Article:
In Ghana, in West Central Africa, it is considered a status symbol to make your journey to the next life in grand style. And great style means something different for everyone.
On the hot and crowded streets of Accra, the capital of Ghana, where you can buy just about anything from sidewalk vendors, an array of coffins tempts buyers.
In Ghana, you or your loved ones can be buried in a coffin that resembles anything from a tuna fish, to an elephant, to an airplane.
And in this coffin shop, Kristina Hampton, an art student from Beverly, Mass, was researching her college thesis on the social relevance of fantasy coffins.
"Since I'm an art therapy major," she said, "I'm trying to find a focus on how fantasy coffins — they're made so artistically — is therapeutic for the mourning families."
Hampton took me to a funeral that looked more like a rock concert. Daniel Tettey, who died of malaria at the age of 57, was a merchant sailor. His coffin was a 7-foot-long cargo ship.
Coffins Represent Life You Led
Whether you are a farmer who wants to be buried inside a giant turkey, or an executive in a fancy shoe, these coffins have become a symbol in Ghana of the kind of life led by the deceased. They represent one's status in society.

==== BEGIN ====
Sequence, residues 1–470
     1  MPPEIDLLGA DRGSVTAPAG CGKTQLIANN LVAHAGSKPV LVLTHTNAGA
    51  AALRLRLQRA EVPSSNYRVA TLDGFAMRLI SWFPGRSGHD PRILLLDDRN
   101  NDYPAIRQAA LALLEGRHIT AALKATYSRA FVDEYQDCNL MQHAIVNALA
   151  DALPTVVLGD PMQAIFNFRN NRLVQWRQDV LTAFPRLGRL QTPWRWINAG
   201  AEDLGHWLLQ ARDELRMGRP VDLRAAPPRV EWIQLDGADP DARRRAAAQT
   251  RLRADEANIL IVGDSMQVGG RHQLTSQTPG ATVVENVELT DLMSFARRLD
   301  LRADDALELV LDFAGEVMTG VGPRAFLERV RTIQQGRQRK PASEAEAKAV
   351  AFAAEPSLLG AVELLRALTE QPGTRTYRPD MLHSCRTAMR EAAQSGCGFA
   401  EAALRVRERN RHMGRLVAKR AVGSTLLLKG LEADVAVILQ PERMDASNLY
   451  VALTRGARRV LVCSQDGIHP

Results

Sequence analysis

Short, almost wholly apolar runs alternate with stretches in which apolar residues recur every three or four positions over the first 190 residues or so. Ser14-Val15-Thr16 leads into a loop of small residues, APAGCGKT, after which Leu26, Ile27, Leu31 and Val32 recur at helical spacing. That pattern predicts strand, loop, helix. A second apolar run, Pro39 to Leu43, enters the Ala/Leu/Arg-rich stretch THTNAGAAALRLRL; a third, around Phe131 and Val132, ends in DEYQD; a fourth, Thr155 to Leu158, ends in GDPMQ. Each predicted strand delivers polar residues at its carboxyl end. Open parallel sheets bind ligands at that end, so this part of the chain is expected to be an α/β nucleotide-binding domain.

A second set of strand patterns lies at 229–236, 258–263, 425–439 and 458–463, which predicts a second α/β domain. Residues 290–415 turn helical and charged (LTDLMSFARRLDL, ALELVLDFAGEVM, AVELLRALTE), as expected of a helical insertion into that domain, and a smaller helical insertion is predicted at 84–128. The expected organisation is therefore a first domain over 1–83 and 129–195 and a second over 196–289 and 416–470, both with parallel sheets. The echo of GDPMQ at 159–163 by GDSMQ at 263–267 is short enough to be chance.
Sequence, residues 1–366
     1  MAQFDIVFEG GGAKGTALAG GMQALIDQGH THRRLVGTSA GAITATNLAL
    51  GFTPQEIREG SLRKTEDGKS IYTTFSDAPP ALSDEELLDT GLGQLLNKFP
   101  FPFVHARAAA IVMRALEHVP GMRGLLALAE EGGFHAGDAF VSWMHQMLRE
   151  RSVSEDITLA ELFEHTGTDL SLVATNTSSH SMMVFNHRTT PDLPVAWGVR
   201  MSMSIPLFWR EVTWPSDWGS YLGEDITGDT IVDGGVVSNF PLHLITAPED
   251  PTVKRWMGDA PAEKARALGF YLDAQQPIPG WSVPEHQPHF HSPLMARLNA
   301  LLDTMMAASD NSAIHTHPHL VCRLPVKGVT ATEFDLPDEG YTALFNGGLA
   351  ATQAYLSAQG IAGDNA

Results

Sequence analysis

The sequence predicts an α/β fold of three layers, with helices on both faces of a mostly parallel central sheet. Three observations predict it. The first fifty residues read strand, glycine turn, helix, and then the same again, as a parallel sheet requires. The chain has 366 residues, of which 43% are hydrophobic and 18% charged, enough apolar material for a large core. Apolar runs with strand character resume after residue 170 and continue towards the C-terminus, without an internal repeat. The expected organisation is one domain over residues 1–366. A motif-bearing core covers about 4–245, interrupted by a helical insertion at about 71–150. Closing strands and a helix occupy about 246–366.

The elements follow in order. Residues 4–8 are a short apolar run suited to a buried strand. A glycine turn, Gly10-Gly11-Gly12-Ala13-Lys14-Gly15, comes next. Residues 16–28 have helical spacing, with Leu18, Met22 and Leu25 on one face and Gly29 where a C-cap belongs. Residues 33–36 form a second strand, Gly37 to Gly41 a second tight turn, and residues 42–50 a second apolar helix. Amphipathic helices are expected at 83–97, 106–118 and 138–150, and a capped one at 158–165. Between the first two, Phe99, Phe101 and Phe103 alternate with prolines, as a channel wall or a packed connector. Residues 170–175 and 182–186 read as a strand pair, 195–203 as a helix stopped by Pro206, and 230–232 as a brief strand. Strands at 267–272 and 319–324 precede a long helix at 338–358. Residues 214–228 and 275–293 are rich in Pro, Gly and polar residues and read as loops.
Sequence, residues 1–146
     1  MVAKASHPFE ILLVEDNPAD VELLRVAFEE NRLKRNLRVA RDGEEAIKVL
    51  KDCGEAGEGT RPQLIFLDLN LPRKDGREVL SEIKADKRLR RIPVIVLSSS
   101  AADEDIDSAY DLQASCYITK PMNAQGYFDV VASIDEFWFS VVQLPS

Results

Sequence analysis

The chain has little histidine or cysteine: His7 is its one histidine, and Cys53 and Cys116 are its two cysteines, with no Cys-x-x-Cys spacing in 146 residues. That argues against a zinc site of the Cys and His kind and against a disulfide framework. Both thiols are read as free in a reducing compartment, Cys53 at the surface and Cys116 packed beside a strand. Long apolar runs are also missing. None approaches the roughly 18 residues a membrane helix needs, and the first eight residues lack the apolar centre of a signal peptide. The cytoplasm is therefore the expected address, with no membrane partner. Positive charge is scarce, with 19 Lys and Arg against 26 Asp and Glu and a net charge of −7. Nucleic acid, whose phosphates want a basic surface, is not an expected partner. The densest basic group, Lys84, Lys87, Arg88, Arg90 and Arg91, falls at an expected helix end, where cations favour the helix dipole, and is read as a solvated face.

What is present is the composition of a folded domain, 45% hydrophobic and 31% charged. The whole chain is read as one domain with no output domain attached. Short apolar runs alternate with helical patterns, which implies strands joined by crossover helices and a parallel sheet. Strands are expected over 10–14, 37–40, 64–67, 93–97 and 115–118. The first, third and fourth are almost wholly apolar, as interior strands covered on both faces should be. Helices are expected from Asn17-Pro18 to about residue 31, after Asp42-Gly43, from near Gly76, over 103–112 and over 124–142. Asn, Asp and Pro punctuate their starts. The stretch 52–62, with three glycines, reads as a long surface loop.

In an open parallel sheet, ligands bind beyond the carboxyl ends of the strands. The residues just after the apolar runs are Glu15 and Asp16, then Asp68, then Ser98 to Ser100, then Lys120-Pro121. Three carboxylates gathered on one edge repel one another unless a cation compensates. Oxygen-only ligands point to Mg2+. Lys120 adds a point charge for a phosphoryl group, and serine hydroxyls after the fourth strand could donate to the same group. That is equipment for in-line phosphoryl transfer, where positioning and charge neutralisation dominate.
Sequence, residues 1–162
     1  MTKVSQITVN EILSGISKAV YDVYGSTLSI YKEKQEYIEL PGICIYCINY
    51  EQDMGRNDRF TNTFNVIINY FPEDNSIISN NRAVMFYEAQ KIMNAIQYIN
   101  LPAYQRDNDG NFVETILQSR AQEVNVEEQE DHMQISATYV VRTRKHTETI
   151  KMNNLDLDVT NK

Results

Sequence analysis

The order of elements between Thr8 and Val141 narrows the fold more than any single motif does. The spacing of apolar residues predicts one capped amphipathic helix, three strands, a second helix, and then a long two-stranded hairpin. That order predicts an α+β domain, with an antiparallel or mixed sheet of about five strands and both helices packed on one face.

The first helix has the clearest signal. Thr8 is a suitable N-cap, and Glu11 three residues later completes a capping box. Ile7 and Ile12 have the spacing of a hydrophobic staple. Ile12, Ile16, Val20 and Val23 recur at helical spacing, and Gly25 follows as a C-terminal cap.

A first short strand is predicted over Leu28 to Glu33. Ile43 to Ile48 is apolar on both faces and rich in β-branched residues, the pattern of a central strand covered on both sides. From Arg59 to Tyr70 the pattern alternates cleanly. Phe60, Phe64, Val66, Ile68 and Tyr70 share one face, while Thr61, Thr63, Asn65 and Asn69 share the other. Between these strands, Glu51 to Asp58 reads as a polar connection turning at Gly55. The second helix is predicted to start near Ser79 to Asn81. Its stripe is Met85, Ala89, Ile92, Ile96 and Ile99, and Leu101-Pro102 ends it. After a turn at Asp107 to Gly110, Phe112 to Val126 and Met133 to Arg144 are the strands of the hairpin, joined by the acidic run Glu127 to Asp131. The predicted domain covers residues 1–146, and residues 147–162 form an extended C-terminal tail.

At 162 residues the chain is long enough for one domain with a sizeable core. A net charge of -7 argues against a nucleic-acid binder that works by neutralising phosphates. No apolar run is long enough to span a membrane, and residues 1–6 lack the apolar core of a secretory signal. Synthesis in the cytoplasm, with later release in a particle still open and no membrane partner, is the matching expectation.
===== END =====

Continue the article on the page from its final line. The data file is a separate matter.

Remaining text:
The list of coffin choices is endless: cacao beans, bibles, peppers, lobsters, lions, beer bottles and even a replica of your own store. It's a huge industry in Accra — and expensive. A coffin can cost $400 dollars, which is equivalent to one year's salary.
Hampton has made a coffin in the shape of a guitar and hopes it will be used someday by a music fan.
"It doesn't matter how you fit the person inside or how comfortable [they are]," she explained. "You can curl them up in a ball, anyway you can make people fit," she laughed.
And at Tettey's funeral, the merchant sailor, was carried away in his cargo ship, floating on a sea of friends and loved ones.